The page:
The mean values of physicochemical parameters at different sampling sites in Sukhnag stream during the period of 12 months (February 2011–January 2012) are presented in Table 1. Water temperature, pH, and DO demonstrated a seasonal cycle during the period of study. High temperature values were recorded (24.33 ± 2.52°C) in summer season at site V and low values (2.33 ± 1.23°C) were recorded in winter at site I. pH ranged from 7.26 (±0.07) to 8.07 (±0.21) with the highest values in winter and the lowest in summer at most of the study sites. The pH values at the tail site (site V) of the stream showed a decreased trend from wet to dry season while upstream values were higher during the dry season. DO values were generally higher at upstream sites and the lowest at the downstream sites. There was however a progressive increase in DO (6.46 ± 0.31 to 13.4 ± 0.45) at all the sampling sites during the transition to rainy, winter season. Variation in EC was significant (CV = 5.2–18.5%, ) among seasons and at all sampling sites (). Higher values of EC were recorded in spring (396.6 ± 20.8 μS/cm) at the tail site (site V) and lower in winter (208.0 ± 8.54 μS/cm) at the headstream site (site I). The higher EC is attributed to the high degree of anthropogenic activities such as waste disposal and agricultural runoff. The seasonal variations in depth during one year of study showed that it was highest in the spring season. By autumn the depth starts to decrease and is lowest in the winter. The water depth at all the sites varied both spatially () and temporally (CV = 4.6–60.3%, ). Maximum surface water velocities for the five sites were recorded in spring season (peak flow season) and minimum were recorded in winter season (snowy season). Surface water velocities showed greater variability in the winter season (CV = 10.5–36.1%) than in autumn season (CV = 4.2–16.2%). Ortho-phosphorus and total phosphorus concentrations were highest (0.13 ± 0.01 mg/L and 0.41 ± 0.02 mg/L, resp.) in spring at site V and lowest (0.03 ± 0.01 and 0.17 ± 0.01 mg/L, resp.) in autumn at site I. Concentrations of NO3–N and NO2–N were highest (0.78 ± 0.05 and 0.021 ± 0.0 mg/L, resp.) in summer at site V and lowest (0.26 ± 0.02 and 0.007 ± 0.00 mg/L, resp.) in winter at site I. Ammonical-N showed the highest values in winter at site V (0.16 ± 0.05) and lowest values in summer at site I (0.03 ± 0.00). The highest values of organic-N and total nitrogen (0.62 ± 0.06 and 1.34 ± 0.14 mg/L, resp.) were found in summer at site V and lowest (0.13 ± 0.01 and 0.49 ± 0.01 mg/L, resp.) in winter at site I. Total hardness, calcium hardness, and magnesium hardness were observed highest in spring and lowest in autumn and winter at all the sites. Lower levels of total hardness, calcium hardness, and magnesium hardness were observed at upstream sites compared to the downstream sites and among the seasons; the lowest values were recorded in the winter at all the sites. The highest values of Ca2+, Mg2+, Na+, K+, and TDS (46.18 ± 4.41, 9.82 ± 0.93, 15.39 ± 1.47, 3.56 ± 0.26, and 353.3 ± 50.5 mg/L, resp.) were recorded at the tail site (site V) in spring season and lowest (16.83 ± 5.28, 3.91 ± 1.22, 6.23 ± 1.95, 1.55 ± 0.48, and 116.6 ± 27.3 mg/L, resp.) at the headstream site (site I) in the winter season. TDS and TSS values were recorded highest (487.0 ± 93.3 and 145.66 ± 43.13 mg/L, resp.) in spring at site IV and lowest (139.3 ± 40.7 and 22.66 ± 13.42 mg/L, resp.) in winter at site I. The overall values of CV showed significant difference of concentrations from head to tail. On the basis of molar concentrations, among the cations, Ca2+ and Na+ were dominant and Mg+2 and K+ were found in minor concentrations. Chloride was the dominant anion observed. Overall we observed significant degree of spatial and temporal variations in the concentration of water quality parameters using ANOVA () and -test () analysis.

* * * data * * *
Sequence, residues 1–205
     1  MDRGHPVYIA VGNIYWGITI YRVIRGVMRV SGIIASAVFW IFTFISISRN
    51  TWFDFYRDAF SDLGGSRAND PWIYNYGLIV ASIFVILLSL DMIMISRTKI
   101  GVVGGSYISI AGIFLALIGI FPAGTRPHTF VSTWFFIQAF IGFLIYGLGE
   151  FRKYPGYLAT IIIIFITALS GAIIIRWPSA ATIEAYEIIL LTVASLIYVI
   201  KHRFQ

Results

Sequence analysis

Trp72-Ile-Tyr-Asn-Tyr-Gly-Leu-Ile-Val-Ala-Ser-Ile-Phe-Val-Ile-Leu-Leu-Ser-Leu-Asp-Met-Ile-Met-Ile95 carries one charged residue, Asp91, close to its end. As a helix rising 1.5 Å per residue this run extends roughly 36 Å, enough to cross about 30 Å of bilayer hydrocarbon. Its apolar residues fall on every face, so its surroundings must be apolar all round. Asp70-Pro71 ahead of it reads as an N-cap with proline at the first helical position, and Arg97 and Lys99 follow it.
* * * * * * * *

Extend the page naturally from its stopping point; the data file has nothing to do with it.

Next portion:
S. no.ParametersSeasonsSite ISite IISite IIISite IVSite V